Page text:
What would you do in this situation: You have crash-landed on a desolate alien planet. All of your crew mates are dead except for your captain, who is severely injured. Your goal is to get yourself and your captain off the planet in one piece before you both succumb to the brutal environment and potential alien threats.
Welcome to Morningstar: Descent to Deadrock from Red Herring Labs. This game was originally released back in 2009, but is now back with new puzzles, improved graphics, and a more refined interface – but does it still have the same heart and soul of the original?
The game plays like an old-school point-and-click adventure. You move a cursor around the screen to interact with items, and pathways to enter new areas. When you find an item, it will be put into your inventory, shown on the right side of the screen. Here you can scroll through all your items easily, and work with them to create new items you might need to solve puzzles and advance in the game. Having the inventory always visible was a plus, as it didn’t pull you out of the gameplay as some other games in the genre do, where you get a different screen. Moving from area to area was pretty straightforward – you just move the cursor to the sides of the screen or over things like ladders and doors to see if a path was available, and clicking.
When it came down to the puzzle aspect of the game, I found the puzzles not too challenging, but still fun to do and hunt around for the proper pieces of equipment or that certain place in the game to help you advance. I was able to solve most puzzles with just common sense, but there were a couple that had me scratching my head thinking “Ok, I guess that could work”. If you do get stuck, you can radio your injured captain who can give you a nudge in the right direction. He was helpful in most cases, but in a few I knew what to do but wasn’t sure how to actually execute it. I found the gameplay overall was quite similar to another game I reviewed a few months back called Shadowgate, which is not a bad thing as it worked very well in that game too.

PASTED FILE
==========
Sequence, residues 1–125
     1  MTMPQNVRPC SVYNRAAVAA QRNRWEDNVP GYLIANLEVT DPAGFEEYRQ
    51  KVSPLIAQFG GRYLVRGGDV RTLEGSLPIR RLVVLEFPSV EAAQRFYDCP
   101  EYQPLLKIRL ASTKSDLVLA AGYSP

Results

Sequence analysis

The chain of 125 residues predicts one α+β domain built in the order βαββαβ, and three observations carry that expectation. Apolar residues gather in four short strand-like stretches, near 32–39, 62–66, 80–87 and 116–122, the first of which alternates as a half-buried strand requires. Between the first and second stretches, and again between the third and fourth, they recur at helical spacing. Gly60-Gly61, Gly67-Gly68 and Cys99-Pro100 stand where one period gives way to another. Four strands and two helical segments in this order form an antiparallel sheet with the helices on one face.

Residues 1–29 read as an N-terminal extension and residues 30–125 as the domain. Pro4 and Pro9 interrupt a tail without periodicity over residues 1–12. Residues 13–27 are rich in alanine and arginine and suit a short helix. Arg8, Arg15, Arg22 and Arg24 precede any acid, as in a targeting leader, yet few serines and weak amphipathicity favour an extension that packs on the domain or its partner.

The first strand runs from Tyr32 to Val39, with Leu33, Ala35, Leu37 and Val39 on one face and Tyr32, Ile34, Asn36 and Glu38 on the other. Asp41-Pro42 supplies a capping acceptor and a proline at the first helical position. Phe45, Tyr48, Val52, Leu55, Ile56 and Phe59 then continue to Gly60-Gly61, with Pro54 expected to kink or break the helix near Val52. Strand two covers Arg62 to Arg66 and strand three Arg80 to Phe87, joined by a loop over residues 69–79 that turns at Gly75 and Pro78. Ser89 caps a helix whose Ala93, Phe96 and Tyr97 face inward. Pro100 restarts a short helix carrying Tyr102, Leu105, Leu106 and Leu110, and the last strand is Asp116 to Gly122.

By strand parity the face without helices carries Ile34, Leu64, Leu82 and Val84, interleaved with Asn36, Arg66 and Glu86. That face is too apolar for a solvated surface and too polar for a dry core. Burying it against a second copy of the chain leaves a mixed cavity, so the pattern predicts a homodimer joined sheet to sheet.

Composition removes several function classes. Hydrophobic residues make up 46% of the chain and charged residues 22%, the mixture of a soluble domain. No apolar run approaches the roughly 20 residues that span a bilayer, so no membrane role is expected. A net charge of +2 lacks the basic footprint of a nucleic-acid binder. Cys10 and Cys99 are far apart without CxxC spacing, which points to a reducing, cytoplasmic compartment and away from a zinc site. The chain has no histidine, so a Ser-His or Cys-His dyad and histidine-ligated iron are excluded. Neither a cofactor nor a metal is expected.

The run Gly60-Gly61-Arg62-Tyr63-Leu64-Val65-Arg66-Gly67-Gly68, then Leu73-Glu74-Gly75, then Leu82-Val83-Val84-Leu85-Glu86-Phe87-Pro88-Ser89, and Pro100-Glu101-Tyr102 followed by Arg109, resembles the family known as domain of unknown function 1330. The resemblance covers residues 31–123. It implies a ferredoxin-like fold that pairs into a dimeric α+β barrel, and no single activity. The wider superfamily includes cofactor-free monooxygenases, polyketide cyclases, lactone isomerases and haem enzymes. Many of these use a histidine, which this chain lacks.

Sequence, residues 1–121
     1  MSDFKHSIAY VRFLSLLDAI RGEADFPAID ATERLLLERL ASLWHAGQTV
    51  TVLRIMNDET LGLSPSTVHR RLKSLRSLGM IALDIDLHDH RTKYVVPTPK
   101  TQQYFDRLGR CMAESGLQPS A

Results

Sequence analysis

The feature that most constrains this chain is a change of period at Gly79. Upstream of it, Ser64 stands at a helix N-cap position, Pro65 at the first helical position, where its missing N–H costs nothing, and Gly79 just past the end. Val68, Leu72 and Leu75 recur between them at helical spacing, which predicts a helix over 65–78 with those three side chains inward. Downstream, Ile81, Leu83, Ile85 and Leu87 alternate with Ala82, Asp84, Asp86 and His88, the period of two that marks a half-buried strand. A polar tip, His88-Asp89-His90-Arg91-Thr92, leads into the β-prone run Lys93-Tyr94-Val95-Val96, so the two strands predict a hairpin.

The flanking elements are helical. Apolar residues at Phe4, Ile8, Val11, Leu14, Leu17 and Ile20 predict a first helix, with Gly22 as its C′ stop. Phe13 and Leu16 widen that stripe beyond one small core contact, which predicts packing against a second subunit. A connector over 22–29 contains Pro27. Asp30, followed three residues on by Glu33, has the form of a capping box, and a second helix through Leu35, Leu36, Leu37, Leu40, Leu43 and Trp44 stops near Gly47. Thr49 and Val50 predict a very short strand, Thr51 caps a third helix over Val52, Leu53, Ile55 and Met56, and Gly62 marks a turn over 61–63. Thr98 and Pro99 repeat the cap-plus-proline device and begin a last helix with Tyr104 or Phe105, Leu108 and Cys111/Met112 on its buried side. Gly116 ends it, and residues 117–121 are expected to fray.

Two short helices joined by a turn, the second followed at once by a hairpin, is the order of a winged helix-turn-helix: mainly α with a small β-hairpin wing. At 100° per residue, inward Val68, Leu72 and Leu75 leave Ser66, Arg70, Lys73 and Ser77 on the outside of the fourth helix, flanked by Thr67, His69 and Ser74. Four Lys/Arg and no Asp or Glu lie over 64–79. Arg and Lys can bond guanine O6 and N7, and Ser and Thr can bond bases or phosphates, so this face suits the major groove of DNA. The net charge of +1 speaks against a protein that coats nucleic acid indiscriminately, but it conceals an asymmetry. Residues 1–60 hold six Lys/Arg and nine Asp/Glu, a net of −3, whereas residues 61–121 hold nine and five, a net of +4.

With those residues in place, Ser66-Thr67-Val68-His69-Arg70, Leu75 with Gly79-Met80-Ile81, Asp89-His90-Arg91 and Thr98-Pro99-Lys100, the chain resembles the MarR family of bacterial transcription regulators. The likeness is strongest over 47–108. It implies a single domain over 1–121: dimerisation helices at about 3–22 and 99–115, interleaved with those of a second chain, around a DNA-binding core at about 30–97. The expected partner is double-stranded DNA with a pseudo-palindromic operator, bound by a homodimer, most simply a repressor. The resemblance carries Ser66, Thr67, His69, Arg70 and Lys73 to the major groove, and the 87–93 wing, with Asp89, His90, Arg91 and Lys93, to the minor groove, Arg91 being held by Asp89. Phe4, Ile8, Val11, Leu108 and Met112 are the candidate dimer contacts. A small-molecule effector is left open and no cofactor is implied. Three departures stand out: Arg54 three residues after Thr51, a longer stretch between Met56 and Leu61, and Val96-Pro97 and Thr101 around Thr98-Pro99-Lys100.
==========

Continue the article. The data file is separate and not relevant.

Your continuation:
“Every environment you enter, from your damaged ship, to the barren landscapes, to strange alien devices, all clearly told a story without the need to even click on anything.”
As for the overall look of the game, I was rather pleased with all the set pieces. Every environment you enter, from your damaged ship, to the barren landscapes, to strange alien devices, all clearly told a story without the need to even click on anything. It was like looking at a painting at times – which could be a good or bad thing on how you look at it. It’s very pretty to look at, but very little to no animations exist unless you are actively working to solve a problem. Once you solve a problem a small animation may play out, but thats about it.
The audio can really make or break a game, and in this case it really makes it. I enjoyed all the music and the sound effects the game had to offer, finding a lot of them to be really haunting in some cases. Unfortunately, when it came to the voice-overs, it is a mixed bag. Sometimes it sounded like the voice actors were simply reading directly from a script, some lines sounded like they were improvised on-the-fly, and others sounded like they really didn’t want to be reading the lines at all… but I’ve heard worse in the past. Still, it took me a little bit out of the experience when it felt the actors weren’t into the story themselves.
In the end, I enjoyed my time with Morningstar: Descent to Deadrock. Anyone who has history playing these types of games will feel right at home – just don’t expect anything really new. The old adage “if it’s not broke, don’t fix it” applies here – other than the voice acting.
***Reviewed on PC, code provided by the publisher***